Keep your sentences to 20 words or fewer. Ditch the words that add little to no value to your writing such as very, really, in reality, however. Monzo’s Style Guide does an excellent job of summing up the research. 21+ word sentences are hard to read. 11-word sentences are easy, and at 14 words readers understand over 90%. When the sentence grows to 43 words, understanding drops to less than 10%.
Break out the thesaurus and find the perfect word. Words influence not only what we see as choices but the results we obtain. For an interesting study on word choices see the following from Monzo’s Style Guide:
Labels Matter More Than You Think
It might seem pedantic to care about whether we say ‘guys’ or ‘folks,’ but how we label things really matters.
Psychologist Lera Boroditsky ran an experiment in 2009 that makes this point really well.
She told two groups of people that they were in charge of solving the problem of crime in the fictional city of Addison. The scenarios were identical in every way except one: she told one group that crime was ‘preying on the city like a beast,’ and the other group that crime was ‘spreading through the city like a virus.’
The group who were given the beast ‘frame’ were much more likely to propose things like more police and tougher sentencing. The group with the virus frame were much more likely to suggest social reform and education.
No matter how she rejigged the experiment, with groups based on people’s gender, background, age or political persuasion, the beast and virus frames were the bigger factor in influencing how they responded.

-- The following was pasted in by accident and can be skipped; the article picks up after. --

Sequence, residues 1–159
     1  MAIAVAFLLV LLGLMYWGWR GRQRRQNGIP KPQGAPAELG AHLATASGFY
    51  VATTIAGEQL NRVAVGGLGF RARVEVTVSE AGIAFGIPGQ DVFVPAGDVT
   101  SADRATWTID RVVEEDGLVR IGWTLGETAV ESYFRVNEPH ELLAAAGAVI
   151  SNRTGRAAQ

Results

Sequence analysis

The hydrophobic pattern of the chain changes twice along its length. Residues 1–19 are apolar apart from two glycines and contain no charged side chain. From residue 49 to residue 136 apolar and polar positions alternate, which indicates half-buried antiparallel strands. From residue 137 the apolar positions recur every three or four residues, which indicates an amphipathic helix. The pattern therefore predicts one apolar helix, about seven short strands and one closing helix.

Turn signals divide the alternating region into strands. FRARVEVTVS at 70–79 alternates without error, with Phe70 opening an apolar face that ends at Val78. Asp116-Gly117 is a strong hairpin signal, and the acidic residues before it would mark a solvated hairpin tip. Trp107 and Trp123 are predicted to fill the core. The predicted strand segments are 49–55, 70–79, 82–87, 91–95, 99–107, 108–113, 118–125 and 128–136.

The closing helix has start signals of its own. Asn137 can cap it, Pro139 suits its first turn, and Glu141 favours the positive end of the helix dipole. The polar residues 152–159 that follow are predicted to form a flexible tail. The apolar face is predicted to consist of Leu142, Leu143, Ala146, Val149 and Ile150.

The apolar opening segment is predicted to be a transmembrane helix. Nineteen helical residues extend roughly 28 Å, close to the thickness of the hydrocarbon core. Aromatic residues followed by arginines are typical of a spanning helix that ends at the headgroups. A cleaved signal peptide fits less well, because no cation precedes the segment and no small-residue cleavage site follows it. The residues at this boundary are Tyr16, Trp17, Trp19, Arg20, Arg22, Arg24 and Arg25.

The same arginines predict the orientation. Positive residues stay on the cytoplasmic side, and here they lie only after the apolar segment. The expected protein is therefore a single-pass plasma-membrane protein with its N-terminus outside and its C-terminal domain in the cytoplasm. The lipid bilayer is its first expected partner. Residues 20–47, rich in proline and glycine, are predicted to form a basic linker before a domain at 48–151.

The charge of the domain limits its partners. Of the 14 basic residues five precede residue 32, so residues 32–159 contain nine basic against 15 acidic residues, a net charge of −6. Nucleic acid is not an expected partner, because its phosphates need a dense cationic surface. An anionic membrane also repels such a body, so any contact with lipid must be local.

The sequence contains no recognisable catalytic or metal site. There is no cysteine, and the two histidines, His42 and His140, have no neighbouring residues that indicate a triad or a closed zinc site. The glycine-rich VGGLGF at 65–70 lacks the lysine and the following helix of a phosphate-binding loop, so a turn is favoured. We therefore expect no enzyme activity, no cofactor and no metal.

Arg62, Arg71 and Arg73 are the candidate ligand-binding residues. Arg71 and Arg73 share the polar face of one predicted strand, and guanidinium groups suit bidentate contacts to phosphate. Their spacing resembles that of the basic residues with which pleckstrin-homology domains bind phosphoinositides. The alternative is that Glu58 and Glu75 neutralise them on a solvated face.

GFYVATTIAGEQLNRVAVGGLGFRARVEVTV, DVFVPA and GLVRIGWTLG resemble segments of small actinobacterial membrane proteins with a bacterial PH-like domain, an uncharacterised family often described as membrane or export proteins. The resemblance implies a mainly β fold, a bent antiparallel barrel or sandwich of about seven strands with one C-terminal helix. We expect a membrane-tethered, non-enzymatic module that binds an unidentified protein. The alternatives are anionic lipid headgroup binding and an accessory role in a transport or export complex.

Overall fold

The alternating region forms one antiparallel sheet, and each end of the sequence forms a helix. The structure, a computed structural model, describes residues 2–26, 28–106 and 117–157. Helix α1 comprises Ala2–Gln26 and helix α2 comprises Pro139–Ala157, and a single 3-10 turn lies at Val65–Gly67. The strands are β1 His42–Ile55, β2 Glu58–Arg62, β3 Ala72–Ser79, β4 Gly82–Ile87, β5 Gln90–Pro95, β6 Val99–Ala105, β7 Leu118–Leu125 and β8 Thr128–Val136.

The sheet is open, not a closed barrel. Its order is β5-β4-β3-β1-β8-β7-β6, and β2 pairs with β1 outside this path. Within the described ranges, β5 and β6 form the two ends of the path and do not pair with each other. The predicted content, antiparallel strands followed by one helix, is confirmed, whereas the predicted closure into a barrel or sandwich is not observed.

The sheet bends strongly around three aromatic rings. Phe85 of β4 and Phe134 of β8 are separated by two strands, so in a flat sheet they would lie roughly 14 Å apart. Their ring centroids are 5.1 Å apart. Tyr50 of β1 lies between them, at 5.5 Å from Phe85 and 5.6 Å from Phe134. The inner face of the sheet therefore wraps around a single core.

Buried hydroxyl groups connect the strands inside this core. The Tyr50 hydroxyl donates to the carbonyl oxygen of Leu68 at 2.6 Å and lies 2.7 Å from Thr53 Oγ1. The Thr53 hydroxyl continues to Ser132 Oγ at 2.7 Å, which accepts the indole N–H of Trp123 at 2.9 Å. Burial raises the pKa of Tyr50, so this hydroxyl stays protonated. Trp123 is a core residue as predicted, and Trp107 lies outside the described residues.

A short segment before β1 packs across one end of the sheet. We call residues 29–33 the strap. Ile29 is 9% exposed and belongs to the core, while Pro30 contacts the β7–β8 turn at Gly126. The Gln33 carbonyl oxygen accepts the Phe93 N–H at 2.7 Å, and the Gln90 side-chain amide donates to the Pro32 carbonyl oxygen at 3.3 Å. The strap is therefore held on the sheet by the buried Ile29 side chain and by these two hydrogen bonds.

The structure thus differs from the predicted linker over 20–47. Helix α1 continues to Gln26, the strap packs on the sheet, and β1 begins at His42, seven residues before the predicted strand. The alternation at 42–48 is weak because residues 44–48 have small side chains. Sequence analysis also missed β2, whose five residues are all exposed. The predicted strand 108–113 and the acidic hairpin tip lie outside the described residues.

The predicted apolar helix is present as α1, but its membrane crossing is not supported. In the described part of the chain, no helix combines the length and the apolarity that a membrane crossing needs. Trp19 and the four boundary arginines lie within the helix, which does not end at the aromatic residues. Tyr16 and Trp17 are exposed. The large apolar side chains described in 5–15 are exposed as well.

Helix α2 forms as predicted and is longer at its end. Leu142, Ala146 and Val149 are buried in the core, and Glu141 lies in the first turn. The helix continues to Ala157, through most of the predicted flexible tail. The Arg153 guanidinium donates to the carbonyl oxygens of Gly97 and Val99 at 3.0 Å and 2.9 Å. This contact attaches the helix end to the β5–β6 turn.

We’re much more susceptible to this kind of ‘framing’ than we realize. And the labels we choose for things are often signals of biases we might not know we have. So being more thoughtful about the terminology we use us a great way to uncover and overcome them, as well as making sure we don’t accidentally upset or offend anyone.
When you write like you minimize your closet, you spend less time and focus on the meat. You can also serve several audiences with one source. Your readers benefit because they can get their essential tasks done.
Empower your users using the active voice. Aim for a fifth-grade reading level whenever the content allows. A friendly voice encourages readers to succeed and can even be a brand asset.
Contractions are the way we talk and add a friendly tone to our copy. Reconsider contractions for destructive actions, particularly if the action cannot be undone. Many people with dyslexia have difficulties processing contracted words.
Creating a list? Skip the introductory sentence that’s covered by the preceding title. When listing steps, put “Optional” in parentheses before the action. For example: (Optional) Phone number. Don’t tell me after I enter my info that I didn’t need to do this.
Use bulleted lists for items that don’t require ordering. For example, cake ingredients can be purchased in any order. Numbered lists specify ordered steps. For example, it matters if I mix the cake batter before I put it into the oven.
When possible, alphabetize bulleted lists for easy scanning. Keep each bullet point to a few words with no period at the end. Use a unique key word at the beginning of each bulleted phrase.
Using numbers in a sentence? Ditch the one to nine convention and use numerals for all of your numbers. Numerals are much easier to read.
Large pages of text are often referred to as walls of text. Break these walls or long lists of multi-paragraph chunks with toggles. Toggles let users access and even compare only what they need.
Finally, type in or copy-paste your text into the free Hemingway App. See the reading grade level, instances of passive voice, and words with simpler alternatives…. This article was written using the Hemingway App.
As WCAG moves to address cognitive challenges, its guidelines are changing. As an invited expert to the working group for plain language, I recommend these tips. Accessibility is not only the right thing to do, it’s an ethical imperative that serves everyone.